UN­DER­STAND­ING LEARN­ING NEEDS

Sun.Star Pampanga - - PERSPECTIVE! -

MINA B. BATAC

Teach­ers are con­fronted each year by a va­ri­ety of stu­dents with dif­fer­ent needs and learn­ing curves. In fact, there are stu­dents who learn lessons in a va­ri­ety of ways that teach­ers should al­ways be ready to iden­tify them and teach them lessons in a way that their needs and learn­ing pref­er­ences are ad­dressed.

Among these dif­fer­ent types of learn­ers are an­a­lytic and global learn­ers. An­a­lytic learn­ers learn more eas­ily when in­for­ma­tion is pre­sented in a se­quen­tial, step-by-step pat­tern that builds to­wards a con­cep­tual un­der­stand­ing. Mean­while, global learn­ers learn more when they ei­ther un­der­stand the con­cept first and then con­cen­trate on the de­tails.

Global learn­ers tend to re­spond well to in­struc­tion when they are in­tro­duced to the in­for­ma­tion with, for ex­am­ple, the use of a hu­mor­ous story with ex­am­ples and graph­ics as vis­ual re­in­force­ments.

But whether stu­dents are an­a­lytic or global, they are ca­pa­ble of mas­ter­ing iden­ti­cal in­for­ma­tion or skills if they are taught with the means of an in­struc­tional method or tech­nique that com­pli­ment their styles. This means that an in­for­ma­tion can be learned by both learn­ers ef­fec­tively just as the same as long as their learn­ing styles are taken into con­sid­er­a­tion in the teach­ing process.

Both learn­ers have dif­fer­ent pro­cess­ing styles in learn­ing, which sea­soned teach­ers can eas­ily iden­tify. The ma­jor­ity of el­e­men­tary stu­dents, ac­cord­ing to stud­ies, a global. Older stu­dents, the longer they stay in school, tend to be­come an­a­lytic, the longer one stays the more an­a­lytic he be­comes.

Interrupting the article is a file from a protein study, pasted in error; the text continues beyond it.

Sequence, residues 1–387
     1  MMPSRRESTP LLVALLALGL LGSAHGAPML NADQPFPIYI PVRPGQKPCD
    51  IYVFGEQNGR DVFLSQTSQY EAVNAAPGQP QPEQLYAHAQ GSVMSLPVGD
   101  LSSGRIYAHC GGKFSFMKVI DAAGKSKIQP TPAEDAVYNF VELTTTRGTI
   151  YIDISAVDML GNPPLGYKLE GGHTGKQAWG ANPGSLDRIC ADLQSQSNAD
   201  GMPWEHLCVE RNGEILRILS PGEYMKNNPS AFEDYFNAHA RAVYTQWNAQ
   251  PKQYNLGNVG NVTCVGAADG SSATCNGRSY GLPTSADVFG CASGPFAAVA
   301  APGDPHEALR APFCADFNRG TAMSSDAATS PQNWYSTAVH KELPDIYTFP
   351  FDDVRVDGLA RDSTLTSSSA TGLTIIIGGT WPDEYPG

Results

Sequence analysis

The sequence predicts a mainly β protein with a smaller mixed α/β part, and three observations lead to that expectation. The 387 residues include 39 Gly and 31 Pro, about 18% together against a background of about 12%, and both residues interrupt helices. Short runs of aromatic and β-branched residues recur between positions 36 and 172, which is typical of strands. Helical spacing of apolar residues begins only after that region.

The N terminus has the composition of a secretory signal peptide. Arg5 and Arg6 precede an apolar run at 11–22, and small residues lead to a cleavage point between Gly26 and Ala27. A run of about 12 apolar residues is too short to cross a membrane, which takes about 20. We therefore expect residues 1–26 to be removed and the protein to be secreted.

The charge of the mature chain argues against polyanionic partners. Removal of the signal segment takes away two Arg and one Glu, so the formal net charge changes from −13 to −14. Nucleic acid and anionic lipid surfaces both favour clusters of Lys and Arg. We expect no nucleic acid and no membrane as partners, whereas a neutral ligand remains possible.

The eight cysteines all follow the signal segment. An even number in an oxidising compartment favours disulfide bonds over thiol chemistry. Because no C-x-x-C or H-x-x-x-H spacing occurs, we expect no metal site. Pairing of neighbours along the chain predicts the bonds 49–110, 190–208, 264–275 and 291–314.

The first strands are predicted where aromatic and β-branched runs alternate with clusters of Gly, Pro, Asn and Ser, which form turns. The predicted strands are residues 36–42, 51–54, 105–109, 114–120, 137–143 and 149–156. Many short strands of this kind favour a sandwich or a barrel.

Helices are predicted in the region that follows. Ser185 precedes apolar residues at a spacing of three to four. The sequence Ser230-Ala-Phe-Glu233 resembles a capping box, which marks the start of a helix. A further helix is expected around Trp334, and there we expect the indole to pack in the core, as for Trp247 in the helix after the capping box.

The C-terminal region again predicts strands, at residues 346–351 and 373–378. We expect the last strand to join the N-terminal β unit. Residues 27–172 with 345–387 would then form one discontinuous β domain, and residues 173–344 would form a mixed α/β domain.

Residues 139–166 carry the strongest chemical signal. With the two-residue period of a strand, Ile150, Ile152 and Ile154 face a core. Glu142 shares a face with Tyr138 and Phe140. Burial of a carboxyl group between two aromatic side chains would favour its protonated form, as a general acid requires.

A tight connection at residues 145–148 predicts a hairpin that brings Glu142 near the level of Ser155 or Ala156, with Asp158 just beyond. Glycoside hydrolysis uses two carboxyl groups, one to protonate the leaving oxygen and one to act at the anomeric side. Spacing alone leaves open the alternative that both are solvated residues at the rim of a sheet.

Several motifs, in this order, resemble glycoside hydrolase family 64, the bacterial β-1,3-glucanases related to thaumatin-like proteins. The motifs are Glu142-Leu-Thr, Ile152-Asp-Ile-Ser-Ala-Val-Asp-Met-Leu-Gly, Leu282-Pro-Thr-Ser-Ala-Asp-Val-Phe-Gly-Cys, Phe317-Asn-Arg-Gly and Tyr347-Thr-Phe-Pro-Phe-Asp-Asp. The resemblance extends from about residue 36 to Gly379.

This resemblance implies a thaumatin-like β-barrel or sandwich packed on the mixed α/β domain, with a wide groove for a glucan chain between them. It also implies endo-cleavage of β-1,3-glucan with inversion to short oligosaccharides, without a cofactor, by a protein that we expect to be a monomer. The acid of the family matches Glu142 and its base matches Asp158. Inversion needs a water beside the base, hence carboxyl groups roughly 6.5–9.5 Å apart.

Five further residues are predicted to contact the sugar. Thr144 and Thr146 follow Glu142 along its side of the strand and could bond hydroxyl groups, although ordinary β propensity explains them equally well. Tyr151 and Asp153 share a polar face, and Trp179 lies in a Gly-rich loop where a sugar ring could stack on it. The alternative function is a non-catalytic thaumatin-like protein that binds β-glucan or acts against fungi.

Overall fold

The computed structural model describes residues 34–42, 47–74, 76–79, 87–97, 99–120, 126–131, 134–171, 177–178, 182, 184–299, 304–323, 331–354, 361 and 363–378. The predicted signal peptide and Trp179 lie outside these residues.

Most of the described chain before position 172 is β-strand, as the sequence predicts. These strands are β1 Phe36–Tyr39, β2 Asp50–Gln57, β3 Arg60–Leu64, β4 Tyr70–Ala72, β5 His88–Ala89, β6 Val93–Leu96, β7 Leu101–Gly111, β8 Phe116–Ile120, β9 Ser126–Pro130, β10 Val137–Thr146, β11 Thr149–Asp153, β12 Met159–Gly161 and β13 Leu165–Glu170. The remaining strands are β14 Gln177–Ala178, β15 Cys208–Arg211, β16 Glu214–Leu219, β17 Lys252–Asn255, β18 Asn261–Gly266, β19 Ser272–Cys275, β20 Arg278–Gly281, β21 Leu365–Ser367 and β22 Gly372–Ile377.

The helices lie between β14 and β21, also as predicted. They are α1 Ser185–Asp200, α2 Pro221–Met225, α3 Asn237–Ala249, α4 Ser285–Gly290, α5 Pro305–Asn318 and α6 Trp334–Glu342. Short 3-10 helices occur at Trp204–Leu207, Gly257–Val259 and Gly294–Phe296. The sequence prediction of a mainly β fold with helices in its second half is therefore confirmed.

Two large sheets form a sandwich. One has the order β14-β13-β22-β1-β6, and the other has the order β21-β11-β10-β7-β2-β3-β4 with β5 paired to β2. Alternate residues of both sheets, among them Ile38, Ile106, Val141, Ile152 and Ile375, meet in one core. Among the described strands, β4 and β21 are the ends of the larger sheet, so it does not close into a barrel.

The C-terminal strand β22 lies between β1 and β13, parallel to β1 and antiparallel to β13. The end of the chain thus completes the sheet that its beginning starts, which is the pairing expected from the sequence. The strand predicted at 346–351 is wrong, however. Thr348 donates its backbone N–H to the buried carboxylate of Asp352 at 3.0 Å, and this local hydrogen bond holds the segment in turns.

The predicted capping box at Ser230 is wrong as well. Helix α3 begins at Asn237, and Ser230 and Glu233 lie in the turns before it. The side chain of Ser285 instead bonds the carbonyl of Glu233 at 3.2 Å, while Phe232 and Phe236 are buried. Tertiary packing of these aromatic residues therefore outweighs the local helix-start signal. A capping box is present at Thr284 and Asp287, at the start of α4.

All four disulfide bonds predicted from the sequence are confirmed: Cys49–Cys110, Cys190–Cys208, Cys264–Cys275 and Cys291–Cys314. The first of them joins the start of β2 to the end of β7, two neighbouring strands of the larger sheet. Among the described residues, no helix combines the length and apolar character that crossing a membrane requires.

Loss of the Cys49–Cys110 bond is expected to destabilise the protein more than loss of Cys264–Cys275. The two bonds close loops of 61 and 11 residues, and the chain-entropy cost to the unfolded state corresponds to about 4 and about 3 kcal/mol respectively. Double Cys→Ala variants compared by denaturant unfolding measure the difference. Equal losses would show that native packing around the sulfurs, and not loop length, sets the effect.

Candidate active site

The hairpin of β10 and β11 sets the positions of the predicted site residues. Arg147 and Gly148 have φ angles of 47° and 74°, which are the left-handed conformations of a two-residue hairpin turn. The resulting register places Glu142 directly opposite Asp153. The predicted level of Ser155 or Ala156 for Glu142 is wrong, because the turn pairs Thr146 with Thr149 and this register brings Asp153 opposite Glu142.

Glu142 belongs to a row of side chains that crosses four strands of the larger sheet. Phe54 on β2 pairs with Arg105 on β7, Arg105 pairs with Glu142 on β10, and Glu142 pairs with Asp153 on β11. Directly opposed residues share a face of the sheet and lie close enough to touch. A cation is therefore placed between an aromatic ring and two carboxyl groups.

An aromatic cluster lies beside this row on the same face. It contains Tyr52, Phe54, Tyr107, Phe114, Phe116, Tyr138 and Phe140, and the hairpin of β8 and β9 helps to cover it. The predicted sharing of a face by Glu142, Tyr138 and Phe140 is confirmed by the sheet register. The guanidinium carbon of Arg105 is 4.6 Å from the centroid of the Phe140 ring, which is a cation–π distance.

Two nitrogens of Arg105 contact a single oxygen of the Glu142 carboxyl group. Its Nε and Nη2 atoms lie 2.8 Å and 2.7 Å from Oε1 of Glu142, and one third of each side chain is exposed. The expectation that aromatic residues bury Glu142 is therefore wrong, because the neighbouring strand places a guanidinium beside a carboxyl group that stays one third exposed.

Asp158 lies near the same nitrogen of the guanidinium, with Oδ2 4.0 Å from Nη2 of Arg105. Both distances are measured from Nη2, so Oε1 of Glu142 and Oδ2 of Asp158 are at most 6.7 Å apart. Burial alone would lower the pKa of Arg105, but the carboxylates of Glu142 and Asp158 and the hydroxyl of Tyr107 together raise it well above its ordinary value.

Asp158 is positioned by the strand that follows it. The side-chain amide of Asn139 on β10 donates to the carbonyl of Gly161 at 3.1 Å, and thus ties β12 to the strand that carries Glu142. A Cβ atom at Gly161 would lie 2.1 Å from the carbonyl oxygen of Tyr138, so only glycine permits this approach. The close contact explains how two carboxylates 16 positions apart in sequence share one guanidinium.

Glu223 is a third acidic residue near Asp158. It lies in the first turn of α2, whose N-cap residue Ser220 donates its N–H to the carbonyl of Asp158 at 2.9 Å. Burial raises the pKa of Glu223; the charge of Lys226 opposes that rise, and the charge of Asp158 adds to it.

Many an­a­lytic learn­ers pre­fer in a quiet il­lu­mi­nated place. They of­ten ap­pre­ci­ate for­mal set­tings and have a strong de­sire to fin­ish work with­out do­ing any­thing else ex­cept for the task at hand. Re­v­ersely, global learn­ers tend to work bet­ter in in­for­mal set­ting while eat­ing or lis­ten­ing to mu­sic.

Teach­ers should learn to teach both an­a­lytic and global learn­ers. There are many ways at the dis­posal of the teacher to make every learn­ing process re­spon­sive to the needs of the stu­dents de­pend­ing on their learn­ing styles. Teach­ers can at­test that boys tend to be more hy­per­ac­tive and rest­less than girls, and seat­ing ar­range­ments con­trib­ute to this phe­nom­e­non.

When stu­dents are per­mit­ted to learn or take tests in seat­ing that re­spond to their learn­ing styles, in­for­mal or for­mal set­ting, they achieve sig­nif­i­cantly higher scores.

The au­thor is Teacher III at San Fer­nando El­e­men­tary School, West dis­trict

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